I like McKim because of the range of her designs. I've always been attracted to the embroidered quilt designs she created; I loved and still love the thematic nature of her patterns. Most impressive though is the variety of patterns she created. She was truly an innovator.
2016 is special because it is the centennial of the first quilt pattern she published. This pattern is credited as being the first syndicated quilt pattern in a newspaper and initiated a trend that would become popular throughout the first half of the 20th century.
The "Quaddy Quiltie" was published in installments in the Kansas City Star in 1916. The patterns were based on the works of the writer, Thornton Burgess. His Quaddys (short for quadrupeds), featured the stories of a variety of animals. He had two illustrators that I know of who drew the Quaddys:
From Mother West Wind's Children, illustrated by George Kerr, copyright 1911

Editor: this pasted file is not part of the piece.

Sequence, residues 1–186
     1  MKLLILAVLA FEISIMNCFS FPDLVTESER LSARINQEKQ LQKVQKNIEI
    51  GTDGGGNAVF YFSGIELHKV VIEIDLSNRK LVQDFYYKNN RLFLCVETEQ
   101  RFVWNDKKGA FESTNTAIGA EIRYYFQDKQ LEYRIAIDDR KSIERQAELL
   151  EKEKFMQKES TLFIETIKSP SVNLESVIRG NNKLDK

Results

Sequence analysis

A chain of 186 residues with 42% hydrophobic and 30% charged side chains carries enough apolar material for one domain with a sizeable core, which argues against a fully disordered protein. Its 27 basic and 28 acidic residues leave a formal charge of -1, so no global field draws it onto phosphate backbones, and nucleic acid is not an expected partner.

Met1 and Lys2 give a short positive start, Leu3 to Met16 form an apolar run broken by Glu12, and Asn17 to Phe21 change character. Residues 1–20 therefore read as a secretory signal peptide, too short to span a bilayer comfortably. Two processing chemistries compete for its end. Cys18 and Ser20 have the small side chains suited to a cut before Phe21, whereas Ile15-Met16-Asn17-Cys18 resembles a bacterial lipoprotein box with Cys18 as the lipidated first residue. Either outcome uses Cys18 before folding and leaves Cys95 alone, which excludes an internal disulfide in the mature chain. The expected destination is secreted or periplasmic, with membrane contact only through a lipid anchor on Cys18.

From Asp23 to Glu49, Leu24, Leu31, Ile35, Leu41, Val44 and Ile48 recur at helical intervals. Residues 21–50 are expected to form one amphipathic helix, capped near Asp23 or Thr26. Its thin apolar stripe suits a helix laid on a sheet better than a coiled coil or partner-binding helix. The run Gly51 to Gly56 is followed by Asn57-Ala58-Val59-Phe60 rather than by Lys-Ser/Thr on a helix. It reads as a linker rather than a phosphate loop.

Illustrated by Harrison Cody, no copyrighted listed.
Although versions of the Quaddys come up at auction quite regularly, I chose to purchase this top because of the lines that are written under the characters.
Quilt top, maker unknown
I have often surmised that children could embroider the blocks with some ease because of the squared lines of the figures.
I hope you will enjoy McKim Mondays and explore the world of Ruby Short McKim with me during the next year. Please also visit the McKim website and if you are on facebook, you can join the Centennial celebration there as well!